A webinar series that explores the psychological impact of intercultural experiences, informed by the sciences of brain, culture and mind. We look at the personal growth that can come from—travel, working and living abroad, immigrating, learning a foreign language—and the challenges of bridging different cultural worlds.
Intercultural Visionary Edward Hall
Yvonne and Joseph reflect on the life and legacy of the intercultural visionary thinker Edward Hall. Trained as an anthropologist, he broke with orthodoxy and pioneered the study of intercultural communication with the publication of his 1959 book, The Silent Language. He believed that intercultural understanding is harder than we might think, because we are deeply influenced by the cultural “programming” or our unconscious mind. This episode is in three parts:
Part 1 – The shape of your head
Part 2 – Shaking hands with Hall
Part 3 – The brain-scan revolution
Yvonne and Joseph discuss how thinking about cultural difference has evolved over time, introduce some key ideas of Hall, and reflect on how Hall’s work anticipated the work of cultural neuroscience and cultural psychology today.
Episode 2 – What is an intercultural trainer?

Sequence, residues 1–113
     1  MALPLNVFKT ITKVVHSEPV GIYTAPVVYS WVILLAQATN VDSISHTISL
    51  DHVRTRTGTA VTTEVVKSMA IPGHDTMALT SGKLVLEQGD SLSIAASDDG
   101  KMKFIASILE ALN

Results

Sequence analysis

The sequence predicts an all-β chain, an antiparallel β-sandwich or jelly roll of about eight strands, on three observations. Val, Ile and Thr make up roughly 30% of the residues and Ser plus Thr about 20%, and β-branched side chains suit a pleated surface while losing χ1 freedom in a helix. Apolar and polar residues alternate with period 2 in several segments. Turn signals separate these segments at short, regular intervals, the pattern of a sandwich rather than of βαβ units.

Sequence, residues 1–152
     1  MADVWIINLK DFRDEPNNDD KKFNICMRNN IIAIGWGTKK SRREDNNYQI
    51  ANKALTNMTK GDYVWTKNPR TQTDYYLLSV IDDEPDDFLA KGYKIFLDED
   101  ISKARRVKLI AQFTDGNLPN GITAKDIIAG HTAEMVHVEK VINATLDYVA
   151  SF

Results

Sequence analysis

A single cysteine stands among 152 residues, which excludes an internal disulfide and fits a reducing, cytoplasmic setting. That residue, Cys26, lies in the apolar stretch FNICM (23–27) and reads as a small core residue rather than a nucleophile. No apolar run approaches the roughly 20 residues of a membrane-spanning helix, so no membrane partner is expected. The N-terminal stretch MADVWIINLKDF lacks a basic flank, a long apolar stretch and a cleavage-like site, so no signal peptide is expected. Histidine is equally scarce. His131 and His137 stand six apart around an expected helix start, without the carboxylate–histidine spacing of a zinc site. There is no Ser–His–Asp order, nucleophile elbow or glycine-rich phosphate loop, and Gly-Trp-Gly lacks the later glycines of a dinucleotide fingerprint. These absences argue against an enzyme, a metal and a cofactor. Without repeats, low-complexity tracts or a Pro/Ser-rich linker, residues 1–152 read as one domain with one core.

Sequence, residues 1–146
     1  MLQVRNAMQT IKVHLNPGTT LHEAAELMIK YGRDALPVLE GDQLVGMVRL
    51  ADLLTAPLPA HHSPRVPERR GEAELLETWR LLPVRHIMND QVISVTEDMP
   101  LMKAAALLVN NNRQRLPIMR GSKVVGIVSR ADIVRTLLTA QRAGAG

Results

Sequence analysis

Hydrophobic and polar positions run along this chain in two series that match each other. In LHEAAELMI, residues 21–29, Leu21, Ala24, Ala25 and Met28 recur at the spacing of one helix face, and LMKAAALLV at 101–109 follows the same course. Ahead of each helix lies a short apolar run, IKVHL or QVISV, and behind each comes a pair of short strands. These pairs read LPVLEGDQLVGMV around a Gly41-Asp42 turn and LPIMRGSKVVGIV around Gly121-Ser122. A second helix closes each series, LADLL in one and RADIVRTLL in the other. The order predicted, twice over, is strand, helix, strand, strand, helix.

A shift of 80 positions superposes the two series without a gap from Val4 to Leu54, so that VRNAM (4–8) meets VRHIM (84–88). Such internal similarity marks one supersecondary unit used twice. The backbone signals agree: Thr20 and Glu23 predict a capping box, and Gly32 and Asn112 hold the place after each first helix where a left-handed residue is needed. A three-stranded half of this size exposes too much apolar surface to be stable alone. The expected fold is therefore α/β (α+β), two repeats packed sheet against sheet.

What’s it like to work as an intercultural specialist? Joseph and Yvonne share their experience doing intercultural work in NGOs, business, government, and education. They talk about how they got started, the origins of this this field, and where it’s headed. They discuss the promise of brain and mind sciences to bring fresh ideas and deeper insights.
Episode 1 – Welcome to the Deep Culture Podcast
When we cross borders or live between different cultural worlds, we discover new parts of the self and learn to see the world in new ways ways. In Episode 1, host Joseph Shaules introduces the themes of this podcast. It will explore the psychological impact of intercultural experiences, informed by the sciences of brain, culture and mind. This podcast is inspired by the work of Edward T. Hall, who believed that deep forms of intercultural understand are harder than they might seem, that intercultural experiences can be transformational, and who wouldn’t be surprised by the level of conflict and misunderstanding in our 21st century “global village”.